Saturday, May 30, 2009

Where Professionalism, Frustration and Serenity Intersect

This week, freelancer LJ Williamson admitted to both fabricating outrageous stories for her client,, and to feeling self-righteous about it.

She emailed FishbowlLA:
[A]ll they care about is how many hits your page gets, and they don't care about the writing. Fine — I decided to try to do things their way.

Unexpectedly, one post I wrote about the vaccine/autism debate really brought the crazies out of the woodwork, and brought my page views to a new record high. So I went with it, decided to start baiting the vaccine deniers more and more, with exaggerations and half-truths.

I also wrote a series of preposterous articles on topics like why peanuts should be banned, why panic was a totally appropriate response to the swine flu outbreak, and why schoolchildren were likely to die if they were allowed to play dangerous games such as tag.

And no one at Examiner noticed or cared what I said or did for quite some time. is an online content aggregator. I almost wrote "aggravator," and that would have been approriate, too. Sites like, and more hire freelancers, but only pay them according to the number of clicks their articles receive. I've written before about the danger these sites hold for freelancers, both in terms of their bottom lines and in terms of the quality of their work. And I'm not alone. Recently, freelancer Michelle Rafter, author of the WordCount blog, explained I don't work for aggregators, but I am a Web writer.

But Williamson's example shows another danger of these sites: If you let your clients, some will encourage you to discard your ethics.

Well, let me back up: I get what Williamson is doing. She's calling content aggregators' bluffs. They say they give writers free reign to explore and that their business model rewards the best and most interesting writing. But as she showed, they don't. They reward--duh--sensationalism and bombast. She exposed such sites' lack of quality control, which is just as important as profitability if the client is really a site for journalism and not just a cynical ploy to exploit would-be writers and make a buck.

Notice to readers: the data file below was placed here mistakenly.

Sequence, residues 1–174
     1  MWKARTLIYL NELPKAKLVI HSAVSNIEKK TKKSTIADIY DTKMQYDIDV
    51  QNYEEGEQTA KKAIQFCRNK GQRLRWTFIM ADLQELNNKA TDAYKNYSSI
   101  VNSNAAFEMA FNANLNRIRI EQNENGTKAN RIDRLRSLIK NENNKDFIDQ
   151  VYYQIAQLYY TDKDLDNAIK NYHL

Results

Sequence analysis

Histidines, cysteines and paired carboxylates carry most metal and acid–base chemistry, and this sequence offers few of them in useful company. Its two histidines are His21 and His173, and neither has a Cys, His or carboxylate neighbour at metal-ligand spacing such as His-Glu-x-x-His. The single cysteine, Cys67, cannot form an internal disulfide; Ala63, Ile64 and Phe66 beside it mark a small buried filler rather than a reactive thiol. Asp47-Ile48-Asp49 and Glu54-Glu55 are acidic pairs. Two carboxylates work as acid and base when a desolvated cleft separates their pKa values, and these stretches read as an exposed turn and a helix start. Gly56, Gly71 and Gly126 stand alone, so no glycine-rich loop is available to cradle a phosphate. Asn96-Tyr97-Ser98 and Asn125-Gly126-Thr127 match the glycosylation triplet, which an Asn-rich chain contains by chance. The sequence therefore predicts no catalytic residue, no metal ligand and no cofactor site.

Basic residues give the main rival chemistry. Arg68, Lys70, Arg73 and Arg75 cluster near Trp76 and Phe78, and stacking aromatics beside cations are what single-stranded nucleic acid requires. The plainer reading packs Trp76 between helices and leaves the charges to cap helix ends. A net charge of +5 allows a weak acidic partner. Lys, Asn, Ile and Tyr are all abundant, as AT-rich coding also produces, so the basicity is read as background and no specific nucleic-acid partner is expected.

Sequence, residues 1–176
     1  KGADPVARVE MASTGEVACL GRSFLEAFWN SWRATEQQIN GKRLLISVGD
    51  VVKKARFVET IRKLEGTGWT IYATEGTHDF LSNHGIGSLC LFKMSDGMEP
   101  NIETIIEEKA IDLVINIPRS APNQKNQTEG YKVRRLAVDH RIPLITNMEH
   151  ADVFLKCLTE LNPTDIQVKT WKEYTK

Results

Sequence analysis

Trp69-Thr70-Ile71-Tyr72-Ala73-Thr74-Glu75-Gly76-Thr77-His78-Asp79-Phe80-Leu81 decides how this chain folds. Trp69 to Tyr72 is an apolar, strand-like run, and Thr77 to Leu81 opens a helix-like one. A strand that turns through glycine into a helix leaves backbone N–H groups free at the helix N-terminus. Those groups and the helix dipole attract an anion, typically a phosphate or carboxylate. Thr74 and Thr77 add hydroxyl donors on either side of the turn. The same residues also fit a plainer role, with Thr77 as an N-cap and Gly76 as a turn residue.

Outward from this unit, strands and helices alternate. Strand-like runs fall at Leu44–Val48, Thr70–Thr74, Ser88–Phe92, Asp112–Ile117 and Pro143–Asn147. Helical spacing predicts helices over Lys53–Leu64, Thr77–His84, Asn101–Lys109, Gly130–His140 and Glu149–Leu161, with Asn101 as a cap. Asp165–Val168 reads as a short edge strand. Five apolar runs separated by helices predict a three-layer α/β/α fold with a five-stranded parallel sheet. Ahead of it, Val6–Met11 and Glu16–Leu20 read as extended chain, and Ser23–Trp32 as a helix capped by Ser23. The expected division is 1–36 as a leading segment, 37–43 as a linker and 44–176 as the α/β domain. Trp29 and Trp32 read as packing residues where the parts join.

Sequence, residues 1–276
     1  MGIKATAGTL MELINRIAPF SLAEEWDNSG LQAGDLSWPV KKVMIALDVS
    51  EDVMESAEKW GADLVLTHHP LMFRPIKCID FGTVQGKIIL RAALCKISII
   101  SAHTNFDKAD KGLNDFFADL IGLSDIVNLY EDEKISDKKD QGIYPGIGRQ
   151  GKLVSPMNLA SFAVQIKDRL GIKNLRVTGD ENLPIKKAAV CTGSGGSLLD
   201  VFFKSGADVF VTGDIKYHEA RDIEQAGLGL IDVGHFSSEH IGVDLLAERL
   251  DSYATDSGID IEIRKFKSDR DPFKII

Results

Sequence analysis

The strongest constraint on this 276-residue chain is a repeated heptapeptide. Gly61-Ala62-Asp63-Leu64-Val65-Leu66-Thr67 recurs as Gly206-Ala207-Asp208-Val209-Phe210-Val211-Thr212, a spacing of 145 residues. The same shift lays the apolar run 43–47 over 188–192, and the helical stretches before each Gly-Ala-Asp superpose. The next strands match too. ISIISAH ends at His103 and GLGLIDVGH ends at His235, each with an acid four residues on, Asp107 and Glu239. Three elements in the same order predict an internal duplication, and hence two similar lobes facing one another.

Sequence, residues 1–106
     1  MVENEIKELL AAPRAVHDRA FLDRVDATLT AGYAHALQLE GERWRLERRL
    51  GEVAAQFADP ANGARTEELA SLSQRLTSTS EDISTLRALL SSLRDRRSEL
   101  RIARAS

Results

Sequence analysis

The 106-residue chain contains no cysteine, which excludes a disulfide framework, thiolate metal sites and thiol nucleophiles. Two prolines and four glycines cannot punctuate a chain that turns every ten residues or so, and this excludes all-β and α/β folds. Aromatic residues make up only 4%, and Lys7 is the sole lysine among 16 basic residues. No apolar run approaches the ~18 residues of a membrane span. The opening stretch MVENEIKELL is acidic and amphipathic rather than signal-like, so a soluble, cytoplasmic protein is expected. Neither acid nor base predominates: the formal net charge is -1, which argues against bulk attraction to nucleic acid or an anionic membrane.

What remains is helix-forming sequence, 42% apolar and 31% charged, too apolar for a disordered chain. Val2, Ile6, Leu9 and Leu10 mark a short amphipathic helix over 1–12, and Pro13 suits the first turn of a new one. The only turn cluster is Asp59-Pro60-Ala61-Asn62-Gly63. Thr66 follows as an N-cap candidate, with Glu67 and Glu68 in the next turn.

And I suppose someone had to do it. I fully expect her to come out with a first-person article crowing about how she pulled one over on Big Business.

But I care less about teaching clients lessons than professionalism. It mortifies me that anyone would flout her responsibility as a journalist just to make a point. That's gotcha journalism at its worst, and it's just as cynical as's business model.

Still, this is an important lesson for writers. When I was still at newspapers, a rising-star reporter was fired after a big expose revealed some reporting holes. But all of us reporters knew what was going on: The editor had been seething to get this story in the paper for years, encouraging most reporters to pursue it. We all passed because we knew it was a boondoggle--impossible to prove and seemingly a vindetta. But he found in this writer, who was young and ambitious, the one person willing to pursue it his way. When you're getting that kind of validation and encouragement from an editor who ought to know better, it can be hard to remember your ethics.

When the truth came out and the crap hit the fan, the editor predictably abandoned her. Then he fired her. The lesson here is that you can't rely on your editors to check your ethics. If you love your job and you value journalism, you have to learn to adhere to your values no matter what. You have to hold yourself to a higher standard than perhaps even your editors do. Or, and perhaps more pointedly, you have to seek out editor relationships where your editor cares as much about good work as you do. As I've said before, the editors who care about good work are also more likely to pay you well for it. Not always, but it's a not-so-surprising correlation.

And while Williamson seems to have many great publications under her belt, I'd think twice if I were an editor about hiring a reporter willing to burn her clients and make stuff up for some snarky, well, vindetta.

So was the point worth making? I'm sure it depends on who you ask. I wouldn't make that point, but I already don't like aggregators or pay-per-click arrangements, and I advice coaching clients to avoid them. Perhaps it will serve as a lesson to new or aspiring freelancers and writers--both to avoid such aggregators and to avoid such irresponsible behavior.

Photo by vsqz.

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